Employee Engagement without Criticism: Feedback with Civility to Protect Productivity
March 15, 2011 § Leave a comment
Tonight I heard a joke about criticism. Before you criticize someone be sure to “walk a mile in their shoes.” When you are done you will be a mile away, they won’t be able to hear you, and you will have a new pair of shoes.
Criticism damages engagement. Leaders who rely on it for performance feedback will create unseen damage that may never been completely healed and will probably continue to damage performance.
While networking recently asked a colleague to request specific opinions from her boss about a document I was writing. He responded via email. His comments seemed harsh, sarcastic, and critical. He claimed no one would ever want to finish reading my document. He pointed out a few specific places where he would stop reading and left the impression I should have known this already. In other words, he accused me of making these mistakes on purpose. “I would never finish reading this document and neither would anyone else” he said with a sarcastic tone. I was left with the impression that he was annoyed because he arrogantly accused me of making the mistakes just to waste his time.
My immediate reaction was to ignore his advice because it was so accusatory and condescending. He will probably never know my reactions and, in this case, it probably doesn’t matter because I don’t work with him on any regular basis. However, his lack of tact and condescending attitude immediately created a chasm between us. Furthermore, I now have no desire to meet him or work for him in the future. I will avoid his opinions in the future. My productivity took a huge drop. I needed time to recover before I couild take action.
The drawbacks of criticism include a reduction in trust (damaged relationship), a loss of focus on the specific possibilities for change, and a reluctance to communicate in the future. All three of these factors damage the opportunity for learning and can most often contribute to a lack of motivation or engagement which directly impacts productivity and profitability. Criticism by senior managers damages employee engagement because it damages the relationship and the possibility for learning. These are two of the most critical factors for creating an environment of engagement.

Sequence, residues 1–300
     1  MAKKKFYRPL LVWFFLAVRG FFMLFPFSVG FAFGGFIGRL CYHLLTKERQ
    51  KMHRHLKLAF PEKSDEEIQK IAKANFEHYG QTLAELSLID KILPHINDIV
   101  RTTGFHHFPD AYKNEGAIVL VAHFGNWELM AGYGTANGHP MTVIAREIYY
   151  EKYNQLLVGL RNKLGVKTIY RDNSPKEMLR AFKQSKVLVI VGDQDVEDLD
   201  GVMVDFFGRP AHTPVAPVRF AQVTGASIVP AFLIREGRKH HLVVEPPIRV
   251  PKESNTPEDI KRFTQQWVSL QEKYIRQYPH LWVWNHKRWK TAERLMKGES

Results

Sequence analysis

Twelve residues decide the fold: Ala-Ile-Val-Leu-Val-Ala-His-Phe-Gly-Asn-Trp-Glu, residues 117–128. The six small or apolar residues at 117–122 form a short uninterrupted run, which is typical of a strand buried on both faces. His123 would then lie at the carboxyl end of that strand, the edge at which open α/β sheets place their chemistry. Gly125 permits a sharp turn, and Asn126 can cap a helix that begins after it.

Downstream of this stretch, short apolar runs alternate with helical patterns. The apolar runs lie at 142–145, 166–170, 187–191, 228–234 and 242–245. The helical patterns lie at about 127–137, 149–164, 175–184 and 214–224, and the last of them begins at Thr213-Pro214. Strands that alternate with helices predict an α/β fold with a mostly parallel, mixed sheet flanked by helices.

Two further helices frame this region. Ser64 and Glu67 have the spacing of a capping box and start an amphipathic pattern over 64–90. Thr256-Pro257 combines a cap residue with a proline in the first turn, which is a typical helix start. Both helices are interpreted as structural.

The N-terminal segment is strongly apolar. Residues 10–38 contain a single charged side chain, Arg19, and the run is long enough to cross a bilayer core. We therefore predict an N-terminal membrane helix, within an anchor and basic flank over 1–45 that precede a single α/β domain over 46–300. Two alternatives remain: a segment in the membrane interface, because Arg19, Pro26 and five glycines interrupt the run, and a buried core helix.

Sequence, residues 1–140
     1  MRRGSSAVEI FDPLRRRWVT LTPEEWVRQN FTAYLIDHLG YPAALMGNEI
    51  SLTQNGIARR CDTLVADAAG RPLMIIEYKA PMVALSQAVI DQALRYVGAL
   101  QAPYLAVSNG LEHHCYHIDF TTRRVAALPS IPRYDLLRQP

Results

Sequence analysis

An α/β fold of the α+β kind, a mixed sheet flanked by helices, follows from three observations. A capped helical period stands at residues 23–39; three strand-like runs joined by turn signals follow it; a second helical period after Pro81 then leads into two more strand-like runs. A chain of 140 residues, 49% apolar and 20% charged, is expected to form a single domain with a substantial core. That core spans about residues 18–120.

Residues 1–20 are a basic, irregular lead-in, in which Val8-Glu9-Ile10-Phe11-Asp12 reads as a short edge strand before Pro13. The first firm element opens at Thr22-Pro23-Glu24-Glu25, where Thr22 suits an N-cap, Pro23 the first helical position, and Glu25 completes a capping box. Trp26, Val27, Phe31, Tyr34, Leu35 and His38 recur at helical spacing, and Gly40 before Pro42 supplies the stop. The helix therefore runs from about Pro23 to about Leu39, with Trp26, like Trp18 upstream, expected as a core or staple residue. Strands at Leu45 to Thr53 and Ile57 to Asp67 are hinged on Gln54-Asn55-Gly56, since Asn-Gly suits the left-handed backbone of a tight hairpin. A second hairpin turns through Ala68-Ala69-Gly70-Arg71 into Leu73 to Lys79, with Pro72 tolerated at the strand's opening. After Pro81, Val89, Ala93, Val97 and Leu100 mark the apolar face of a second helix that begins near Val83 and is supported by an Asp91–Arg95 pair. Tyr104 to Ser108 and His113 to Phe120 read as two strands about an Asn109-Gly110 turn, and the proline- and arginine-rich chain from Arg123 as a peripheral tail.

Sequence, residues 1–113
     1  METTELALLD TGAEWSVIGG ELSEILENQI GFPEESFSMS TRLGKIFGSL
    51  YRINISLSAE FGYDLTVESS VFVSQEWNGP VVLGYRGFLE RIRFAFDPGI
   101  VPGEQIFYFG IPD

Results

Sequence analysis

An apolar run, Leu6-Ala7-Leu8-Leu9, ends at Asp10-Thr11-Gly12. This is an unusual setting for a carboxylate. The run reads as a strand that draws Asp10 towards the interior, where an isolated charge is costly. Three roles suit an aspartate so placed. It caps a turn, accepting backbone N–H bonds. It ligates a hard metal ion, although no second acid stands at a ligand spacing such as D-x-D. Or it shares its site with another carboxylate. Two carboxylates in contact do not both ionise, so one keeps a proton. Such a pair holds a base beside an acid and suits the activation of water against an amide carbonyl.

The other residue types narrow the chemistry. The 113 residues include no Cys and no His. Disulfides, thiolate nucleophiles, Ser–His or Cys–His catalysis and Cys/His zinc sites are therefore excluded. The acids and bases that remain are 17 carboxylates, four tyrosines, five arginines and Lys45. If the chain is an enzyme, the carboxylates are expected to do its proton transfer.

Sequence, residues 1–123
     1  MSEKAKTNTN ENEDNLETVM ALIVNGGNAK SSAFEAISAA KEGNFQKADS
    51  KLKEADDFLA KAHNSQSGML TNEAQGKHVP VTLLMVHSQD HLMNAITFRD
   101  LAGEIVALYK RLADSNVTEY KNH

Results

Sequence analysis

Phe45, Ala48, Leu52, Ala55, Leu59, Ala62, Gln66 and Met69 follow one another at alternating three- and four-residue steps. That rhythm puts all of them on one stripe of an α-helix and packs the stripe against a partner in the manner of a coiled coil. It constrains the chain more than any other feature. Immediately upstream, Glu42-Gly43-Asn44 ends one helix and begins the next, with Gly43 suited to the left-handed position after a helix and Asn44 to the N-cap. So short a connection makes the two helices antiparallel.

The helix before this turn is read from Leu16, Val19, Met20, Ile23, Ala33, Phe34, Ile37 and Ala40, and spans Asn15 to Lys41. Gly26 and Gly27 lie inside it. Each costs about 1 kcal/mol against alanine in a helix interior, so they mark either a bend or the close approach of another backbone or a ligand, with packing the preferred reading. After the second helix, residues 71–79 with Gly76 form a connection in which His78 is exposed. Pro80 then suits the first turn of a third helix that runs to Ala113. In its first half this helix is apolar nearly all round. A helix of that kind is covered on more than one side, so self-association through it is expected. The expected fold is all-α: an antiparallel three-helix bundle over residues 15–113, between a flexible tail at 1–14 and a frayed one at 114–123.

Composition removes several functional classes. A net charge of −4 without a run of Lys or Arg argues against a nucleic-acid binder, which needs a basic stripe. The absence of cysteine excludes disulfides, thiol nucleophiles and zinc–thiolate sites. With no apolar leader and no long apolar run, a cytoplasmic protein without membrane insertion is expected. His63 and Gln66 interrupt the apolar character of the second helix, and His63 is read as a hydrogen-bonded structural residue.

Two Types of Criticism
Although it is important to draw a distinction between solicited and unsolicited criticism, all criticism can be damaging depending upon the way it is delivered. Unsolicited is more damaging because it is completely unexpected. Solicited at least is requested and somewhat expected. Unsolicited criticism should be avoided. Solicited should be delivered with data and with a helpful, empathic tone.
Three Things to do Instead
Criticism causes the most damage when the person delivering it carries a certain negative tone of voice. Second, when the deliverer uses only their opinions and fails to use data the relationship and trust will be damaged. The use of data will mitigate the sharp edge and prevent the relationship from being cut. The use of data and probing questions with the right tone of voice (even in an email) will protect the trust and prevent the damage to engagement.
For example, if my colleague’s boss had merely explained, “did you know the sentences could be shorter and if they were, in my experience, it would increase the probability of people reading the entire document?” The shift to a positive tone and the emphasis on specific data changes the entire impression. Criticism suggests a lack of caring and indifference. Sharing data (instead of opinions) while asking probing questions will provide an optimum learning experience. A positive tone creates a calm and caring environment perfect for learning.
Leaders who want optimum learning and therefore optimum engagement must change their way they deliver performance feedback. Emphasizing data, using probing questions, using a calm supportive tone, and avoiding opinions will create a learning environment that protects engagement and avoids fear, resentment, and loss of productivity.